AUDJPY has the potential for a correction with an RBA rate meeting ahead.
AUDJPY – Daily Chart
AUD/JPY broke through the 93 level recently and is currently consolidating. There is potential for the forex pair to pull back to support with hawkish RBA sentiment.
ABC veteran finance expert Alan Kohler is begging the Reserve Bank to halt its aggressive interest rate hike strategy, saying inflation was flat in May. While consumer prices rose by 5.6% year-on-year, the monthly indicator showed zero change. From January to May, the monthly average was 0.24% using figures from the Australian Bureau of Statistics.
“So memo the Reserve Bank: the most recent inflation rate in Australia is zero,” Kohler said on ABC News. He later tweeted for the rate hike strategy to stop, saying the RBA “must stop hiking rates”. Despite the slowdown in inflation, the RBA raised rates in June for the 12th time since last May 2022 and interest rates are now at 4.1%.
“Without the seasonal adjustment, hocus-pocus that the ABS wizards do, the original consumer price index in May actually fell,” Kohler said.
The Commonwealth Bank, Australia’s largest mortgage lender, is expecting a rate pause. The bank’s Senior economist Belinda Allen said that lower inflation in May could affect the bank’s decision this week.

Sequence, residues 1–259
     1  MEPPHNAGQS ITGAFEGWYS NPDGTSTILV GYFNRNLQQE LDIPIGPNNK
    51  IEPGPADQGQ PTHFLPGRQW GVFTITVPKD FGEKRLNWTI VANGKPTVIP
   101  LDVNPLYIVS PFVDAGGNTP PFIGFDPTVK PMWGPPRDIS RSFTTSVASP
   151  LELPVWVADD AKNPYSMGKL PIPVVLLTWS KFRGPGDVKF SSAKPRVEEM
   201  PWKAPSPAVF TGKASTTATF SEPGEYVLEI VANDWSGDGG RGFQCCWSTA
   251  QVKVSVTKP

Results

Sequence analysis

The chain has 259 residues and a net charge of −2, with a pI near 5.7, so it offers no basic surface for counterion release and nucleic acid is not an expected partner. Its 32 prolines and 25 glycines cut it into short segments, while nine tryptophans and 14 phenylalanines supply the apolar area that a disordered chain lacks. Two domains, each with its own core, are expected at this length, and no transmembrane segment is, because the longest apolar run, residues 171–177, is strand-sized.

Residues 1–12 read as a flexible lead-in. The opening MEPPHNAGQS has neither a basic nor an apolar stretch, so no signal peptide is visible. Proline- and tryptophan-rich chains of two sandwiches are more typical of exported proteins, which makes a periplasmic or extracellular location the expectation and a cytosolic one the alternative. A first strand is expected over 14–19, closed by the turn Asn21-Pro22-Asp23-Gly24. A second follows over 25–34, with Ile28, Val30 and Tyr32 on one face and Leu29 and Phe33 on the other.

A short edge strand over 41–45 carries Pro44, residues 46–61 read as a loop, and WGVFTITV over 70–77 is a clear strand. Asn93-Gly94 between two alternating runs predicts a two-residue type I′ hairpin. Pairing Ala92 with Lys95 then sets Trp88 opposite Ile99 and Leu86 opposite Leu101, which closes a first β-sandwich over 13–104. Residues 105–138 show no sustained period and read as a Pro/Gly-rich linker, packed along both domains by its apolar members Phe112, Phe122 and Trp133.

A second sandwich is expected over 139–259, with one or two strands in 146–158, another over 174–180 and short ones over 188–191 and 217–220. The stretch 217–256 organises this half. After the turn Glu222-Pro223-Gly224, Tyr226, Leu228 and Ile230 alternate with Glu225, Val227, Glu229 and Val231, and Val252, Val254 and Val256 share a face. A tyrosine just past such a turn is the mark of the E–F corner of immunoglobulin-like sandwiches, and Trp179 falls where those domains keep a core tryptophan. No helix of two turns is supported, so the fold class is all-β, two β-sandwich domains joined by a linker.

“The lower-than-expected monthly CPI print for May has, in our view, tilted the balance of risks to an on-hold decision in July,” she said.
The Australian Treasury is now expecting the economy to slow to a GDP of 1.5% in 2023-24, as a result of the rate hike strategy, down from 3.25%. AMP has warned that every rate hike is threatening a recession, repeating the scenario of 1991 when the RBA’s cash rate hit 18% in 1989. But Treasurer Jim Chalmers downplayed the risk of a recession from the rate hikes.
“The Treasury forecasts and the Reserve Bank forecasts are for continued growth in the Australian economy,” Chalmers said.
“We’ve been really upfront with people for some time and said that we do expect the Australian economy to slow considerably, as the inevitable consequence of interest rates which started going up before the election, combined with very difficult global conditions.”